Frederick Douglass: American
February 28, 2011

A Truly Great American With a Life that Stands on Its Own

Dr. Woodson Ultimately Is Responsible for Black History Month and Started It Partly With Douglass In Mind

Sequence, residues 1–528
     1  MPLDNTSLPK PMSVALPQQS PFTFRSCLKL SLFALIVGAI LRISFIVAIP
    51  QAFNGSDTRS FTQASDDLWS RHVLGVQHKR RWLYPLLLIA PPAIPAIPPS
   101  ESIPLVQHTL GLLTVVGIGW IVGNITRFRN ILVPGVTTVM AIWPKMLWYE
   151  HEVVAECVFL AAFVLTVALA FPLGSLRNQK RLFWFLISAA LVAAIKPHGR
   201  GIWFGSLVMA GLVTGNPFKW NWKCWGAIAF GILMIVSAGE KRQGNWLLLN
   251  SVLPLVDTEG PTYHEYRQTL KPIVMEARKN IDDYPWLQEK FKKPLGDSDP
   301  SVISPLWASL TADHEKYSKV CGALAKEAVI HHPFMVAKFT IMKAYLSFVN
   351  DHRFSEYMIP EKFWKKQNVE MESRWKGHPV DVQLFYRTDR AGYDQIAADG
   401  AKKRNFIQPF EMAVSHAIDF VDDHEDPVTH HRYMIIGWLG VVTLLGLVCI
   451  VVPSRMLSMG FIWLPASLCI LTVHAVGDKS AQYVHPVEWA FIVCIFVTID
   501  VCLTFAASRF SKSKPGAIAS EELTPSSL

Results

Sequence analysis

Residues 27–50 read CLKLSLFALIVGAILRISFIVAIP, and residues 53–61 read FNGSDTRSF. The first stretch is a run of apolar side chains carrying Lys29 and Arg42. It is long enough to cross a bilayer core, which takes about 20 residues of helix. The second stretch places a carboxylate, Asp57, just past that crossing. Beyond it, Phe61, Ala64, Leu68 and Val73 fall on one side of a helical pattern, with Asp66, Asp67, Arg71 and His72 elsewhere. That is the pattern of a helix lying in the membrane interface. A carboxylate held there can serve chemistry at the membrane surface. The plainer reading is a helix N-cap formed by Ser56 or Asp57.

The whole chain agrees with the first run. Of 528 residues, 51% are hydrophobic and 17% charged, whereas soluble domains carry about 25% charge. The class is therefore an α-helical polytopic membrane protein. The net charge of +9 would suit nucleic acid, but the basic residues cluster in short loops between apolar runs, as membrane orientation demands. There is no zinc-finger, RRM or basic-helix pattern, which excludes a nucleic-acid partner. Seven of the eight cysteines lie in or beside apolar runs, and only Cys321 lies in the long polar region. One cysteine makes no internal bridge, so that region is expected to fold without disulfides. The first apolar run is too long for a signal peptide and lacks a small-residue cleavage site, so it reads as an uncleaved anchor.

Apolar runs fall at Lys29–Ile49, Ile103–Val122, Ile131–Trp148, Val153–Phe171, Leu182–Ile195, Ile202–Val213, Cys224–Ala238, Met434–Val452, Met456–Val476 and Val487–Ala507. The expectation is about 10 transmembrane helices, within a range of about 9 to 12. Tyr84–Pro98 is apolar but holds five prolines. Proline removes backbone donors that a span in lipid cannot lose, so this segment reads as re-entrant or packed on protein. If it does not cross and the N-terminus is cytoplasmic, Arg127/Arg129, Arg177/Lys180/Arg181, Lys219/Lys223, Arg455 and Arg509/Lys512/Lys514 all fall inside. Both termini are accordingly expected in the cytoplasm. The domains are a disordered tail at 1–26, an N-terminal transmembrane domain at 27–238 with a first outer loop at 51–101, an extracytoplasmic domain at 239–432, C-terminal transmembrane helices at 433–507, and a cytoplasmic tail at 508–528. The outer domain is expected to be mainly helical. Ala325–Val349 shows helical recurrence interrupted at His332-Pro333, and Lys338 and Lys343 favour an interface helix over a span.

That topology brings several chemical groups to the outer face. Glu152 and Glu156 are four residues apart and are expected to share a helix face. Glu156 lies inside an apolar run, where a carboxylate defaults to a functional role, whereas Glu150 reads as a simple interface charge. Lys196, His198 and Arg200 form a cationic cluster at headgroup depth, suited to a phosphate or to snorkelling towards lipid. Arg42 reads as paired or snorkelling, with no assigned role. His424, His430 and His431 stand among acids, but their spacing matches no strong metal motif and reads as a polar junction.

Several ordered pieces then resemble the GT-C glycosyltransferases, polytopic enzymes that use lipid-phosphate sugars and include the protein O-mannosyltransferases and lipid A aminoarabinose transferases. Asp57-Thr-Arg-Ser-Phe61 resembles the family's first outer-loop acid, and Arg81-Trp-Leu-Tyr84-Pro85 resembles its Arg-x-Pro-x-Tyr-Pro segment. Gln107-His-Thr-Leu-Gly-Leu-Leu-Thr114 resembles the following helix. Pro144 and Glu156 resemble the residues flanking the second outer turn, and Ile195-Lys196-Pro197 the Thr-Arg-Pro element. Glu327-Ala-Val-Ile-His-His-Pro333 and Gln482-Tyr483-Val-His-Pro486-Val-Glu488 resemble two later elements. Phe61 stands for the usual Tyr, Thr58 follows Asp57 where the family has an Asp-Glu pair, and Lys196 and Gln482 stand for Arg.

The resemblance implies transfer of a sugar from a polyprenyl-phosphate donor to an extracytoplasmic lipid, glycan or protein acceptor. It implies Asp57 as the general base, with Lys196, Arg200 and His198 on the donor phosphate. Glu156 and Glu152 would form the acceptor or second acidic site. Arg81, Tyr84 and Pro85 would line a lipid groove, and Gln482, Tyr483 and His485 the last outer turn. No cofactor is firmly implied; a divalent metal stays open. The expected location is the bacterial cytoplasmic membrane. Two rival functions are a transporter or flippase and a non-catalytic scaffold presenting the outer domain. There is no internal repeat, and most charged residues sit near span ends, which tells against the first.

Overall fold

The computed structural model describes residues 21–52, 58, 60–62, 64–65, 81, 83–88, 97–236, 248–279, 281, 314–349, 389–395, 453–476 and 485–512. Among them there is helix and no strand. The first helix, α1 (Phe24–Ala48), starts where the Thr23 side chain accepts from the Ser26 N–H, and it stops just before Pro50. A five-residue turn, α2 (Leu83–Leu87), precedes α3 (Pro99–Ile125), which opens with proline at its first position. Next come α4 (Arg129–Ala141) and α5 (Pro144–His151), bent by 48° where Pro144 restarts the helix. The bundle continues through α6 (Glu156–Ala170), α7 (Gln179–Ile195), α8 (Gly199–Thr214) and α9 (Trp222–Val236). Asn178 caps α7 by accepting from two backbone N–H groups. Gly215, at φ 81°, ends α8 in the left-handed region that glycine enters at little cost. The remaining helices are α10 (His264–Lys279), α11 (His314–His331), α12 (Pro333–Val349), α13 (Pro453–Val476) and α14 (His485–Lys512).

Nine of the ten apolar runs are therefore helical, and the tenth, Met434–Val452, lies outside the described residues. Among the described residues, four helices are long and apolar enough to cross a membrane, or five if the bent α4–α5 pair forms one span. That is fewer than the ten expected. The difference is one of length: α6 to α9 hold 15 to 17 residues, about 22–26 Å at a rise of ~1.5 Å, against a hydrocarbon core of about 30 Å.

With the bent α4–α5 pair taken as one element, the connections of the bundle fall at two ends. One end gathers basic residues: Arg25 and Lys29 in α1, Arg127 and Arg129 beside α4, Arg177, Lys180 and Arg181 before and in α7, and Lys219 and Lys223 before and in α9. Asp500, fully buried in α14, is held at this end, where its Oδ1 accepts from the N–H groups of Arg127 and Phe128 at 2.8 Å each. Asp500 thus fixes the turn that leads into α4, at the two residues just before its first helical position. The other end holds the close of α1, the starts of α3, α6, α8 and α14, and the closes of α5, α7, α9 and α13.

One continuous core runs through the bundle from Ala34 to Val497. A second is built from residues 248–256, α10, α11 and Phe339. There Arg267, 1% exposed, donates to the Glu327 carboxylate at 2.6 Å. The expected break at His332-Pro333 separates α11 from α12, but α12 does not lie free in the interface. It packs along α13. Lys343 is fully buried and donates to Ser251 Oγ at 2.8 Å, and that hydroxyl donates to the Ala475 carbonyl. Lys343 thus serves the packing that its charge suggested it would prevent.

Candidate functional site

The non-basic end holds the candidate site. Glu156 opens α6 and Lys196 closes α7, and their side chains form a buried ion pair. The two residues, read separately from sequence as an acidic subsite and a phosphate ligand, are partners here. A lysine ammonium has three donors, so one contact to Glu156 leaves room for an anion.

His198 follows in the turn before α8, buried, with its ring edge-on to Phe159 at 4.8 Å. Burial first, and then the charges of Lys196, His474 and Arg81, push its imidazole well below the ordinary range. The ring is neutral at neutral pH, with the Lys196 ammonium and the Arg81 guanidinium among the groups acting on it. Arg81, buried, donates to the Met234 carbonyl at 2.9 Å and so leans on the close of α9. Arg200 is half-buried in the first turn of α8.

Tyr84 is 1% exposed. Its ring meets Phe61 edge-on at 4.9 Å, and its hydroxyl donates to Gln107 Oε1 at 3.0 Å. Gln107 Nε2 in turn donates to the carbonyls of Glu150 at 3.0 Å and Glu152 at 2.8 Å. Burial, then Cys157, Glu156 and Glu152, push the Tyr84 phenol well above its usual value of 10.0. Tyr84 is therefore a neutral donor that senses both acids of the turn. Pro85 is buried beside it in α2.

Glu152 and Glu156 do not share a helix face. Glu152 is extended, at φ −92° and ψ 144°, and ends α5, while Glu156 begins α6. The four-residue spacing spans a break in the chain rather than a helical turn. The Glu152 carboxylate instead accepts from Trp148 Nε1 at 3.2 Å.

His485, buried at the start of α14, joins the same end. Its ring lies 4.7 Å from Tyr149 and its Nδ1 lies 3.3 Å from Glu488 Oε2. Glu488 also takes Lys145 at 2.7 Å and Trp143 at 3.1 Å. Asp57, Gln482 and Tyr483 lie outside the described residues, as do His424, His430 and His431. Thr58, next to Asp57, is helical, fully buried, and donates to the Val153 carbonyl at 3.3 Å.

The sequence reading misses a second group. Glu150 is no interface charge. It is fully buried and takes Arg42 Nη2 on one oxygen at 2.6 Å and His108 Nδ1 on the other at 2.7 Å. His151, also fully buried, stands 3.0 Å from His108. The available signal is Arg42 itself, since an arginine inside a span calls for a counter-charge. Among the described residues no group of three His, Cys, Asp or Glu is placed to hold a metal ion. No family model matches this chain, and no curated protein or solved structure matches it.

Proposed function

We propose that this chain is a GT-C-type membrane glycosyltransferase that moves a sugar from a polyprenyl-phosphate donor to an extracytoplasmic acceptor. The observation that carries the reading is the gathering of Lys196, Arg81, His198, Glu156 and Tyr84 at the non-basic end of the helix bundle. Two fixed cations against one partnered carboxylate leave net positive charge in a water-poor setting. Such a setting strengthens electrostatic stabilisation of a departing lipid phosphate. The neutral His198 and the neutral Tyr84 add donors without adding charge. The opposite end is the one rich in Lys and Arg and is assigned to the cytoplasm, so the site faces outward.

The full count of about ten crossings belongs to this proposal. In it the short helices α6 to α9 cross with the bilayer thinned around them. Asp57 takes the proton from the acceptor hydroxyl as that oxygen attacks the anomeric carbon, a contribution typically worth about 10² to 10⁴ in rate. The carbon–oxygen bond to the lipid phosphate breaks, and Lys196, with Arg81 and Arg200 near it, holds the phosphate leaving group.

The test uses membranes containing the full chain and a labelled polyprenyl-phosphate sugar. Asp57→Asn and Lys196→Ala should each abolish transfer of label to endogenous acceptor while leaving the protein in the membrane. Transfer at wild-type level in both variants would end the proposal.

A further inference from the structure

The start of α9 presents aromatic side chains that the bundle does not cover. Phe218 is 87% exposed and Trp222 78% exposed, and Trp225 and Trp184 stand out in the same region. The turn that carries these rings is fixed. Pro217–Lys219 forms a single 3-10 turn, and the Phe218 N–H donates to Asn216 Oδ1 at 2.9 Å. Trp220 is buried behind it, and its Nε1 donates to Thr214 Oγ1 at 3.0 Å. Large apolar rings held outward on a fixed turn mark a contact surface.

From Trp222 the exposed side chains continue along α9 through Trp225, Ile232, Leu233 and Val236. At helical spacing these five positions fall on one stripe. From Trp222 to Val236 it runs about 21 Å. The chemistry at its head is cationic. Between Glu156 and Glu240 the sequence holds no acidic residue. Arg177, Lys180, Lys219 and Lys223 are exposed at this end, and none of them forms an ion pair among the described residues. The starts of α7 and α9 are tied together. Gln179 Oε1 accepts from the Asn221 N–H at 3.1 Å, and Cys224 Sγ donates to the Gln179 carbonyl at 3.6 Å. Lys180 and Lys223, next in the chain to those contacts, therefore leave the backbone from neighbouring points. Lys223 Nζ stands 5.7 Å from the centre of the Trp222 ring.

Black History Month:  Some time ago, February was designated as Black History Month.   I have mixed emotions about that particular designation.  I think it’s always a good thing to focus attention on history, particularly American history since so many Americans really don’t know a lot about their nation.  I suppose the whole idea rose from the notion that the school system in this country didn’t really mention much about African-Americans except in the context of slavery.  However, I have a problem with a focus on a particular group of Americans. I am not saying that it’s wrong to have such a month; I guess I really think that its too bad that it was a necessity.  You see,  those individuals who are discussed in February are part of American history and I believe that they should be seen simply as Americans because all citizens, past and present are, in my view, my American brother and sister and my fellow American.  Race, religion or ethnicity does not add or dimish their position as an American.  Another thing that bothers me is the a grand oversight.  I’ve gone to some Black History Month presentations and they always quite properly include Dr. Martin Luther  King, Jr.  Sometimes they talk about the contributions of George Washington Carver at the events of which I have attended.  Typically following the discussion of such well-known luminaries, they go off into some modern rappers or sports stars.  If it’s a good presentation, then it will rightfully include Jackie Robinson, but Mr. Robinson sometimes loses out to other Americans whose acheivements really don’t measure up to that of Robinson or Carver and certainly not even in the same neighborhood as Dr. King.  But, almost every time, they leave out someone whom I believe to be one of the most important Americans in our history.  His name is Frederick Douglass and all Americans should know about the man.